Fa'shoe'nista: When I visited the store, I spoke with Latrice, or “Tricie,” (spelling?) one of the Gipson sisters, who told me the business started with home parties. How does that compare with running a brick & mortar business and what contributed to your decision to open the store?
Audie: Latrice Farris is our godsister. The shoe parties helped to build clientele and minimize overhead. I still do private and public shoe parties and fashion shows at the Detroit location. The greatest contribution of a brick and mortar is having a home base of operations. No matter where I am, the shoes and accessories are always available.
Fa'shoe'nista: Whenever anyone talks about opening a business the buzz word is LOCATION, LOCATION, LOCATION. What made you decide to become a neighborhood store as opposed to doing the mall thing? Do you get a lot of business from the locals or from those outside of the area? Is it a combination of both?
Audie: I might have considered a mall location had there been one in Detroit. Choosing to be a boutique came about with the reputation Detroit has for it's one of a kind style. My family and I are really big on Detroit. We feel Detroit gets less praise than what it deserves, being the first to start a lot of trends all over the world. The Rosedale Park community, where the store is located, is very supportive. I lived my high school years and early twenties there; however, I have really branched out to women outside of Detroit and so I have a clientele from everywhere.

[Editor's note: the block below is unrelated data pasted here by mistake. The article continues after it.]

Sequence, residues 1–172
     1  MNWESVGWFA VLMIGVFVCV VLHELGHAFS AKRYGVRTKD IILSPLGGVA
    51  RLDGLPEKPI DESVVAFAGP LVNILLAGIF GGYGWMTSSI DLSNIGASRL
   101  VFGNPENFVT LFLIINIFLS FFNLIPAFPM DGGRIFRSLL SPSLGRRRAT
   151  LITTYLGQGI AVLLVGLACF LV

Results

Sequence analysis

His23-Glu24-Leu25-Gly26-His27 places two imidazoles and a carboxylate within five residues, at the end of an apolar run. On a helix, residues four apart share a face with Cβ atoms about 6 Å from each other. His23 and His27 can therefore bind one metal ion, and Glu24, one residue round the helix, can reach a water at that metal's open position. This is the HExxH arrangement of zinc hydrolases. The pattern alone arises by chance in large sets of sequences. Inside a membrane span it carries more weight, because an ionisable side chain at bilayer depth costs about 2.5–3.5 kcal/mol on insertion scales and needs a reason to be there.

Fa'shoe'nista: You carry mostly Italian brands, high quality shoes for what I at least consider a reasonable price. Still, your prices may be considered high-end for some. Has the depressed economy affected your business?
Audie: No, my customers appreciate quality. We fit the woman that will buy once at a medium to high price point for a shoe or accessory that will last forever, as opposed to buying cheaper shoes of a lesser quality several times.
Fa'shoe'nista: What is your price range and how is it determined?
Audie: The prices in the summer range from $20-$150.00 and up to $250 in the winter. The prices are determined by what we pay wholesale or suggested retail prices positioned by the designer. Sometimes, we will lower the price below what we paid if a shoe or boot has been in the store for several seasons no matter who the designer is.
Fa'shoe'nista: You carry many one-of-a kind styles. Where do your shoes come from, mainly? Do you have a certain supplier or merchandise house where you get your beautiful styles, or do you deal with individual designers?
Audie: Most of our shoes come from different countries such as Spain or Brazil, and of course Italy. We tend to choose designers that are new and different.
Fa'shoe'nista: The obsession women have with shoes doesn’t seem to be fading, even though we’re in somewhat of a recession. Recession, or no recession, women seem to always find the money to purchase their favorite pair of floor knockers (my Fa’Shoe’Nista term for shoes). Why do you think that is?
Audie: Women are the #1 consumer all over the world. The retail industry starts to cater to females at a very early age, especially in the fashion industry.
Fa'shoe'nista: What advice would you give to the growing number of entrepreneurs who are trying to break into fashion oriented businesses? What should they do to make themselves stand out from the rest?
Audie: The best advice I can give from experience is to know your product inside and out. Then learn your target market. Also, do what you love and what you've dreamed of doing, not what simply looks good from the outside looking in.
Again, thank you so much, Ms. Gipson for your time and consideration in this matter. And thank you for furthering the cause of Glamour!
5000 Shoes & More - firstname.lastname@example.org